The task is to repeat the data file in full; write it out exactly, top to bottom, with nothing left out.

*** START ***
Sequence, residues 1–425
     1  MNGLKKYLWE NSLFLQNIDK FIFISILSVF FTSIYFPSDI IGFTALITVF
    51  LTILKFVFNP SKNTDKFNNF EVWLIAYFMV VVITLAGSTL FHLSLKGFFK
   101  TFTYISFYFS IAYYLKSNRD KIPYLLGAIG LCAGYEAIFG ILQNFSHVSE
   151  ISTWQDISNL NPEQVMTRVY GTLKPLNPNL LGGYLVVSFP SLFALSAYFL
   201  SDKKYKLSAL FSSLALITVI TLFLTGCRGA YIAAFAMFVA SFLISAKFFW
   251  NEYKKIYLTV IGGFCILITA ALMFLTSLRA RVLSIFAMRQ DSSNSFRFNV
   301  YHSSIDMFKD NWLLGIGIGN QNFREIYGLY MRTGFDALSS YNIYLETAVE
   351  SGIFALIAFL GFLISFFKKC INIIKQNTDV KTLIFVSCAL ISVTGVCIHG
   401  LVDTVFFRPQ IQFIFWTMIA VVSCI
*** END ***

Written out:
Sequence, residues 1–425
     1  MNGLKKYLWE NSLFLQNIDK FIFISILSVF FTSIYFPSDI IGFTALITVF
    51  LTILKFVFNP SKNTDKFNNF EVWLIAYFMV VVITLAGSTL FHLSLKGFFK
   101  TFTYISFYFS IAYYLKSNRD KIPYLLGAIG LCAGYEAIFG ILQNFSHVSE
   151  ISTWQDISNL NPEQVMTRVY GTLKPLNPNL LGGYLVVSFP SLFALSAYFL
   201  SDKKYKLSAL FSSLALITVI TLFLTGCRGA YIAAFAMFVA SFLISAKFFW
   251  NEYKKIYLTV IGGFCILITA ALMFLTSLRA RVLSIFAMRQ DSSNSFRFNV
   301  YHSSIDMFKD NWLLGIGIGN QNFREIYGLY MRTGFDALSS YNIYLETAVE
   351  SGIFALIAFL GFLISFFKKC INIIKQNTDV KTLIFVSCAL ISVTGVCIHG
   401  LVDTVFFRPQ IQFIFWTMIA VVSCI